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Subway Work Blamed for Sinkholes

Tuesday, August 19, 2014

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Sinkholes that are erupting in Seoul, South Korea, may be coming from construction below the ground, not above it, city officials now say.

At least one sinkhole and other underground damage are now being tentatively laid to "mismanagement" by Samsung Construction & Trade (C&T), a major Korean construction firm that is building a subway underneath the capital city.

Several sinkholes have opened up this summer in the neighborhood where the $3.5 billion Lotte World Tower is under construction. Although the skyscraper construction was not necessarily considered the cause of the sinkholes, the holes sparked widespread public concern over the structure's stability.

Seoul sinkhole
Newsis

A new sinkhole, five meters deep, erupted Aug. 12 in Seoul. The hole is at least the fifth this summer.

Seventy of the tower's 123 stories are complete; the complex also includes other buildings and an amusement park. The tower will be the tallest in the country and the sixth tallest in the world.

However, construction was put on hold earlier this month after the sinkholes erupted, and an investigation team of public- and private-sector experts began looking into the issue Aug. 5.

The project has also stalled over a long list of new disaster-prevention measures that the city is insisting on before it will allow the completed retail complex to open, the Wall Street Journal reports.

New Hole

Meanwhile, another sinkhole opened up Aug. 12 about one kilometer from the Lotte site. This one, at least the fifth found this summer in the city, was 2.5 meters wide and five meters deep—much larger than the earlier holes, officials said.

On Thursday (Aug. 14), the Seoul Metropolitan Government (SMG) announced that the preliminary investigation pointed to construction of a subway line as the cause of the latest sinkhole, reports said.

Seoul tunnel
Yonhap

An inspector describes a newly discovered tunnel that investigators found underneath a road in southern Seoul while examining a new sinkhole. The tunnel is 80 meters long.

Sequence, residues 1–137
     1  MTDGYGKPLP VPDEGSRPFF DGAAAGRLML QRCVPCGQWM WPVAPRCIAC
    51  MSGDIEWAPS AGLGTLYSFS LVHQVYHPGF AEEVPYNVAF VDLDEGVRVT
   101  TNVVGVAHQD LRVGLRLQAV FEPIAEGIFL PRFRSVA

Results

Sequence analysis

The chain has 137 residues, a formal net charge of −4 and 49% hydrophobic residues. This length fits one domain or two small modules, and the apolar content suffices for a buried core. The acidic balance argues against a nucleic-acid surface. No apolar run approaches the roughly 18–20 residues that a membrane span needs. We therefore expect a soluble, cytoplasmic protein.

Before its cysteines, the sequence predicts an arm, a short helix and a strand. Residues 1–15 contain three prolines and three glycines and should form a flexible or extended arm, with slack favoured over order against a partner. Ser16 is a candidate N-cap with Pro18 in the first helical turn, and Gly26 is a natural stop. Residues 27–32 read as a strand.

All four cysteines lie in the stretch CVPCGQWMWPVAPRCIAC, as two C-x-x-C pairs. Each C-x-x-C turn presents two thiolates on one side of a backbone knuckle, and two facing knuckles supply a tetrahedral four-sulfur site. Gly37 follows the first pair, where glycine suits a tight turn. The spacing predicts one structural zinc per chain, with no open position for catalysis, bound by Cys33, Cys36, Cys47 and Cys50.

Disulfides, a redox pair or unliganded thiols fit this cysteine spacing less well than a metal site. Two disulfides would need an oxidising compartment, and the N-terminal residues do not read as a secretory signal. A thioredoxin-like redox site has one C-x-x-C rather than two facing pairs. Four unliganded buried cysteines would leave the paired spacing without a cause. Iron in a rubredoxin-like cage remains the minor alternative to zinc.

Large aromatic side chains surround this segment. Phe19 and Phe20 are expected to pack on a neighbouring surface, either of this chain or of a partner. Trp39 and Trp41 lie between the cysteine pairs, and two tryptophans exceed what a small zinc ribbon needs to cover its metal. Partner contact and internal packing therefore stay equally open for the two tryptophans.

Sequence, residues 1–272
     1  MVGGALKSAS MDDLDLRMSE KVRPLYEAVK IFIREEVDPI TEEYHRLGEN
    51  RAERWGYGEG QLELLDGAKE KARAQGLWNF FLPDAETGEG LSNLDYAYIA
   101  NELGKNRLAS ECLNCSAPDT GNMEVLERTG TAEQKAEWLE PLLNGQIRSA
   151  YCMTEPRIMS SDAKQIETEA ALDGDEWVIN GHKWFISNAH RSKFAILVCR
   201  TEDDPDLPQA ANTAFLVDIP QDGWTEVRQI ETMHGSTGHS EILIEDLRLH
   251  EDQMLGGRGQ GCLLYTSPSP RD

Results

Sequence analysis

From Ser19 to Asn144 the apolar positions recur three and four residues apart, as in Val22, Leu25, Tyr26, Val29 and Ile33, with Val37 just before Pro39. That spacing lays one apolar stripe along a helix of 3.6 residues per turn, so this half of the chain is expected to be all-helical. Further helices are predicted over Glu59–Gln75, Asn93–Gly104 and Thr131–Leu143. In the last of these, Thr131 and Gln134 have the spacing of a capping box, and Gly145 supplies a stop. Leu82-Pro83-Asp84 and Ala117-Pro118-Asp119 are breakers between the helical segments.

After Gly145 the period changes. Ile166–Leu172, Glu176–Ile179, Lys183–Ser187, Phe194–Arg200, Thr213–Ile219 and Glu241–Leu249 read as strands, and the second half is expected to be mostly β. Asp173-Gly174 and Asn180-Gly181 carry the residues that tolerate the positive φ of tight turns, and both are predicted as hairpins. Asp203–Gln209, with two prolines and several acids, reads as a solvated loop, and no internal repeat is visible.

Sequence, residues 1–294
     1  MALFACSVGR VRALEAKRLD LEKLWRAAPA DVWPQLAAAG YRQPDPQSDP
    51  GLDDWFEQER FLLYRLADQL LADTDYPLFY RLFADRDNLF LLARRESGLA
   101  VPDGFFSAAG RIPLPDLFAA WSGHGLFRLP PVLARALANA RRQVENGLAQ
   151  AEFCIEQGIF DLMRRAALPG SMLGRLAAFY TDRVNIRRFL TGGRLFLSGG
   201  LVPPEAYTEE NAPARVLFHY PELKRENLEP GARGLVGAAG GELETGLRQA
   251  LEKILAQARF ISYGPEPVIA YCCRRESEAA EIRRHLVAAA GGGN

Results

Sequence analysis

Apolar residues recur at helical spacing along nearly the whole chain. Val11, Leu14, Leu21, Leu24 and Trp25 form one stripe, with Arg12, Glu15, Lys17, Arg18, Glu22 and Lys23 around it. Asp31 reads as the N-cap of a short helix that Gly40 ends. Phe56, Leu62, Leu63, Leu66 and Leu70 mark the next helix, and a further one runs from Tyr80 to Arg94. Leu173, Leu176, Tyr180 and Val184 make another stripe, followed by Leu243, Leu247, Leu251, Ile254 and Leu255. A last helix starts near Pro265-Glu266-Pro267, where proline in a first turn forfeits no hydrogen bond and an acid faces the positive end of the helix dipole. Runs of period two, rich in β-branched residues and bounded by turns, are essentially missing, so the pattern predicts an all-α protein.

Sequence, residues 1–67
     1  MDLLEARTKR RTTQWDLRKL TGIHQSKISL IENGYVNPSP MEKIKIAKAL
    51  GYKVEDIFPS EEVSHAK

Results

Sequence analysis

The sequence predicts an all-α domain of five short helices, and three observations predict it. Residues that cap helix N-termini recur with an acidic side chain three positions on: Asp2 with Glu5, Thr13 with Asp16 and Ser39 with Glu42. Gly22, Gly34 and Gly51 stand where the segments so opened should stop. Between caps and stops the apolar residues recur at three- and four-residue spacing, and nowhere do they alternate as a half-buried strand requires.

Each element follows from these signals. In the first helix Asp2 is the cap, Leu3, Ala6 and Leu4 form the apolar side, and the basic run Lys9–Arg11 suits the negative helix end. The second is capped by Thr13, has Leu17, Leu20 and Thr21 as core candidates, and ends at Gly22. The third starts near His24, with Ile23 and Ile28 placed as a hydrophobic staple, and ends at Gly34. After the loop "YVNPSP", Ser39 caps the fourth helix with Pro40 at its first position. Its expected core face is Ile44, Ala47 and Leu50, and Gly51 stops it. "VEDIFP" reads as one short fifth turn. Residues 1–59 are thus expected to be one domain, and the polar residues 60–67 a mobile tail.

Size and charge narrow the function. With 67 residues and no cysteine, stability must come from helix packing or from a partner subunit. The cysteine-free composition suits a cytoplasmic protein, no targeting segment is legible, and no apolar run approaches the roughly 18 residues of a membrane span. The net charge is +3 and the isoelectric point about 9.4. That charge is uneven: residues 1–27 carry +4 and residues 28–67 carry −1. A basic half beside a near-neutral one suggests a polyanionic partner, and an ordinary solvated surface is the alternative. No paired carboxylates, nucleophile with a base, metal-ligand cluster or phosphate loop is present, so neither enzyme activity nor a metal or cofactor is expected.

The "investigation team reached a conclusion that underground subway tunnel construction underneath the road was the likely cause,'' an SMG official said.

''The mismanagement of the construction firm was likely to blame.''

The investigators also announced that they had "unexpectedly found" a tunnel eight meters wide, five meters deep and 80 meters long underneath the Seokchon Underpass, which is the near the site of the sinkhole, according to The Korea Times.

The team also discovered cracks in the underpass's 25 columns, local media reported.

Multiple Theories

Park Chang-geun, a Gwandong University professor participating in the investigation, said, “The distance between here and the second Lotte World is very far, and Seokchon Lake is in the middle, so there’s little chance of any relation between the sinkhole and Lotte World."

Seoul sinkhole
Korea Today

South Korea's capital has seen about a half-dozen new sinkholes this summer.

On the other hand, Park told told the Associated Press earlier this month that underground water was pooling in the sixth basement level of the Lotte tower, suggesting water displaced from the lake. The lake's water level has dropped from 16.5 feet to 14 feet recently, the AP reported.

Contractor Denies Responsibility

Samsung C&T issued a statement after the investigators' announcement, saying the company had found no particular problems in the area during construction.

Furthermore, the team's findings were described as preliminary, and another report suggested that the tower construction may yet be a factor in the sinkholes.

Lotte World Tower
Wikimedia Commons / Teddy Cross

Seventy of the Lotte World Tower's 123 stories had been completed as of July.

"We're investigating the possibility of damaged sewage systems or weakened foundations due to subway construction, but we can't rule out that it's got something to do with the construction of the second Lotte World." a Seoul city official told The Chosunilbo.

Lotte has also denied responsibility for the sinkholes.

A spokesman told the news outlet that investigations had shown that the previous four sinkholes "had nothing to do with the construction project… and the latest one is a long way from the construction site."

Seoul has seen more than 130 sinkholes erupt in the last five years, raising concerns of structural ability and safety throughout the capital, according to Korea Today.

   

Tagged categories: Accidents; Commercial Construction; Concrete defects; Developers; Health and safety; Office Buildings; Roads/Highways; Transportation

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